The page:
"If there is such a phenomenon as absolute evil, it consists in treating another human being as a thing."
      John Brunner, "The Shockwave Rider".

      Can you spare 2 minutes to help with my research? If so, please click here

        Thank you very much for the quick reply. You wrote "An alternative approach (and the one I would favour for simplicity I think) would be to read LDIF as if it were an LDAP server".

        I will try it that way and post again, as soon as I have some useful results.

Re: RFC: Data::Sync
by g0n (Priest) on Sep 25, 2005 at 12:36 UTC
    Thanks for all your responses, especially Dragonchild and diotalevi for taking the extra trouble to look at the source. The comments and suggestions have really helped to focus and prioritize further development.

    xdg Here's the DProf output for a sample run on my laptop - a 3 field database in SQLite with 20,000 records:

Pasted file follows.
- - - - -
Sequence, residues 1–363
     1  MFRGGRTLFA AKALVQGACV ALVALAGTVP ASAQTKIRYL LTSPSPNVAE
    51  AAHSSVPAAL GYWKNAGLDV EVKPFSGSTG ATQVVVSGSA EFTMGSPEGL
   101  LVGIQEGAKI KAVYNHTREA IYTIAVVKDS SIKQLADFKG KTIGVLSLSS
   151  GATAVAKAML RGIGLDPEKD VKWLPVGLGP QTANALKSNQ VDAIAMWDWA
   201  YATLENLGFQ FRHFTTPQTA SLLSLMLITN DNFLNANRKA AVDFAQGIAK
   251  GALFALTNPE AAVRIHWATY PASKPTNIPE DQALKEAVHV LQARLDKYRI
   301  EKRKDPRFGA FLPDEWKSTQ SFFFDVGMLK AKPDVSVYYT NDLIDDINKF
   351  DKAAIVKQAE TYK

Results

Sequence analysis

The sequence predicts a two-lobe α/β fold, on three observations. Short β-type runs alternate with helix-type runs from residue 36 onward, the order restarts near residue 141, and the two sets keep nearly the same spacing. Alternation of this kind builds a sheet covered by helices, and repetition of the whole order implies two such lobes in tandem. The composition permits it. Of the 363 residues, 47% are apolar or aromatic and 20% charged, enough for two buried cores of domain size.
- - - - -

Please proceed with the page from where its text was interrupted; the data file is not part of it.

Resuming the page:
Total Elapsed Time = 267.0170 Seconds User+System Time = 202.9570 Seconds Exclusive Times %Time ExclSec CumulS #Calls sec/call Csec/c Name 92.8 188.4 188.40 39992 0.0047 0.0047 DBI::st::execute 1.71 3.470 201.47 20002 0.0002 0.0101 Data::Sync::__ANON__ 1.45 2.950 2.950 39992 0.0001 0.0001 DBD::SQLite::st::_prepare 1.02 2.070 2.070 39994 0.0001 0.0001 DBI::_setup_handle 0.78 1.590 1.590 139990 0.0000 0.0000 Data::Sync::log 0.66 1.340 3.670 39994 0.0000 0.0001 DBI::_new_handle 0.29 0.590 4.260 39992 0.0000 0.0001 DBI::_new_sth 0.29 0.580 7.790 39992 0.0000 0.0002 DBD::SQLite::db::prepare 0.25 0.500 8.290 39992 0.0000 0.0002 DBI::db::prepare 0.21 0.420 0.710 1 0.4200 0.7100 Data::Sync::remap 0.14 0.280 0.280 79986 0.0000 0.0000 DBI::common::DESTROY 0.13 0.260 0.260 39994 0.0000 0.0000 DBI::st::TIEHASH 0.13 0.260 0.870 1 0.2600 0.8699 Data::Sync::sourceToAoH 0.11 0.230 0.410 20000 0.0000 0.0000 Data::Sync::recursiveTran +sform 0.11 0.220 0.630 1 0.2200 0.6300 Data::Sync::runTransform

    as you can see, it wasn't particularly quick, but the bulk of the time was spent in DBI::execute.


    $perlquestion=~s/Can I/How do I/g;